Don’t we love going to the movies? Apart from enjoying a delicious bucket of popcorn, you also get to see your favorite movie from a screen that is 100 times bigger than your TV.
We take a lot of the technology advancements for granted because we have grown in an era where special effects in movies have been in use. However, movie technology hasn’t always been as amazing as it is currently. There was a time when films didn’t have sound! If you don’t believe this, let’s take a journey down the memory lane to the first movie ever produced…
When was the first-ever film made?
Experimenting started in the late 1880s by mixing photos to make an illusion of a motion picture. It all began when Simon Stamper from Australia and Joseph Plateau from Belgium developed a device known as phenakistoscope. The gadget was the precursor for modern motion pictures, and several advances followed it in 1890. Since the technology was difficult to use, it made motion pictures rare, but some movies were produced.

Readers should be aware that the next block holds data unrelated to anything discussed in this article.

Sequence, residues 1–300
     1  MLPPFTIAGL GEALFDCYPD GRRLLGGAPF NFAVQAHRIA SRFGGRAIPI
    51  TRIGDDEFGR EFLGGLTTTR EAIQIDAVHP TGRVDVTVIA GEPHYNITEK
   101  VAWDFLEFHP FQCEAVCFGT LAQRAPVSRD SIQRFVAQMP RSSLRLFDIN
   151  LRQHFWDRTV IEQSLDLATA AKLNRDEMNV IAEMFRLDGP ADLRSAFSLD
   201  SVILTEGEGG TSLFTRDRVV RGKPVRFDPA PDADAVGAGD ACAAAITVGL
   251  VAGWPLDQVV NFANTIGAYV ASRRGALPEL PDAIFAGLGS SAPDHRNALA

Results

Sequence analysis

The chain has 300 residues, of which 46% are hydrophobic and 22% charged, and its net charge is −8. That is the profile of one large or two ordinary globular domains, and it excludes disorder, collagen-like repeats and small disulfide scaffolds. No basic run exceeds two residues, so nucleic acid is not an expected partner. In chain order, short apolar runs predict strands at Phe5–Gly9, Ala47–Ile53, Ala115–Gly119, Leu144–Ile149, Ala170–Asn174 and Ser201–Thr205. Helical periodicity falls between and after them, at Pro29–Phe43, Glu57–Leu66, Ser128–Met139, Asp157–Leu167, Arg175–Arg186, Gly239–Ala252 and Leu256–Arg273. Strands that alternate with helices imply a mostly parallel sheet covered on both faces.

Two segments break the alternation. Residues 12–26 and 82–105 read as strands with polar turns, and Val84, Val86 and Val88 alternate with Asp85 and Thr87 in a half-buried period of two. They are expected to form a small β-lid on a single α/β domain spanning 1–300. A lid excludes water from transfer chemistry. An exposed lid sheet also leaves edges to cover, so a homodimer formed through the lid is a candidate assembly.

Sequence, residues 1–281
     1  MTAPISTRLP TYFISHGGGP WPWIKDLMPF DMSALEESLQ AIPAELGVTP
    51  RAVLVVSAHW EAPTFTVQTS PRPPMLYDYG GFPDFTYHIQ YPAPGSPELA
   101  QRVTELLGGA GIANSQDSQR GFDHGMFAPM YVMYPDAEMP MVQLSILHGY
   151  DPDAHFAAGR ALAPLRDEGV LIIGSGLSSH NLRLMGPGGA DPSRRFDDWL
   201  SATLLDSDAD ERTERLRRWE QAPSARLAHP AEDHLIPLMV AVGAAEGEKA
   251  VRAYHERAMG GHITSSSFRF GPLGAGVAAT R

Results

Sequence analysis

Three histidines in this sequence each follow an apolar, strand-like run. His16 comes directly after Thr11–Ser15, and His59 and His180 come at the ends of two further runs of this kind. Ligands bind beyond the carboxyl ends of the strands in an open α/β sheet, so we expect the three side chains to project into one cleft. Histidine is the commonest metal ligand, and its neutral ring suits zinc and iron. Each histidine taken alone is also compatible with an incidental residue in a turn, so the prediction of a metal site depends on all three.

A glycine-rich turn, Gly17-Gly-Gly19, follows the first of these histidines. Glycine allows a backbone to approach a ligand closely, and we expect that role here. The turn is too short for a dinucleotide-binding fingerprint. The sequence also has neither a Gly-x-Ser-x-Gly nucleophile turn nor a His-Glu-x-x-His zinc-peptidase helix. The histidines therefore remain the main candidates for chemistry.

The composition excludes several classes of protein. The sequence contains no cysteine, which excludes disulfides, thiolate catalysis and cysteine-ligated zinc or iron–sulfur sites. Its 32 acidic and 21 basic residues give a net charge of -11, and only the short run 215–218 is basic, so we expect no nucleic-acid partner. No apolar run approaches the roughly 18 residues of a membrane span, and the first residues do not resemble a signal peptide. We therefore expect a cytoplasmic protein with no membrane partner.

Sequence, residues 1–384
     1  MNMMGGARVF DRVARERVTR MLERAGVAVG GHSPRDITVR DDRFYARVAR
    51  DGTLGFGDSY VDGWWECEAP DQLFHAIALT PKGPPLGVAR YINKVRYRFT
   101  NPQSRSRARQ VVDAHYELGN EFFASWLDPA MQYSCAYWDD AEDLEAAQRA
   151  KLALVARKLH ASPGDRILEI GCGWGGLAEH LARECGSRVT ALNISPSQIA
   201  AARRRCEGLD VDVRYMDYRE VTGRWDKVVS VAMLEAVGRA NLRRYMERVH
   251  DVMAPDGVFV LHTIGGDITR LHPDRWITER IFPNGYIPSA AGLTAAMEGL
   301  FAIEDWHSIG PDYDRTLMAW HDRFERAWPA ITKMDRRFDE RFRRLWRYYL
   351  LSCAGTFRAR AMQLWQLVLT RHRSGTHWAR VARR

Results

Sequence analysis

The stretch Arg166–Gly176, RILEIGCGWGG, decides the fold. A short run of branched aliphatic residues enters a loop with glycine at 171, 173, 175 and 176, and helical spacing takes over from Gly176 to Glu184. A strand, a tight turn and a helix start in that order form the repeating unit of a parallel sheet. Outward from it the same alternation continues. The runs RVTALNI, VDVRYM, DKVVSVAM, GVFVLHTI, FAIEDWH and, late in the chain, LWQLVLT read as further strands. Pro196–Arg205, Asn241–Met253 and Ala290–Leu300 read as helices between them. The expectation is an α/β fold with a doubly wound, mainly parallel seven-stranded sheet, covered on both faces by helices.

The Horse in Motion (1878)
Apart from being the first movie that ever saw the light of day, “The Horse in Motion” answered the question of whether all four horse’s hooves were ever off the ground at the same time. The groundbreaking film was accomplished by setting up many cameras to go off at the exact time. If you are a movie lover, consider doing this, and you’ll appreciate how far film technology has come along.
Roundhay Garden Scene (1888)
It was the first motion-picture film that showed real consecutive action. Louis Le Prince directed the short movie. While it only lasted 2.11 seconds, it is considered an actual film. “Roundhay Garden Scene” is in the Guinness Book of Records as the oldest surviving movie in existence.
The Arrival of a Train (1895)
As technology continued advancing, producers could film for longer. The third movie is known as “Arrival of a Train,” and it lasts for 50 seconds. It has a single view that shows an aspect of daily living. The film has one continues real-time short. The first time this film was shown, the audience was frightened by the image of a real train. Some people even ran out screaming.
After these three films lasting a few seconds long and without sound, technology advanced further. In the 1920s, film production firms found a way of adding sound to movies. In 1927, the first full-length feature film was produced. It was known as “The Jazz Singer.” Since then, the rest has been history, as they say.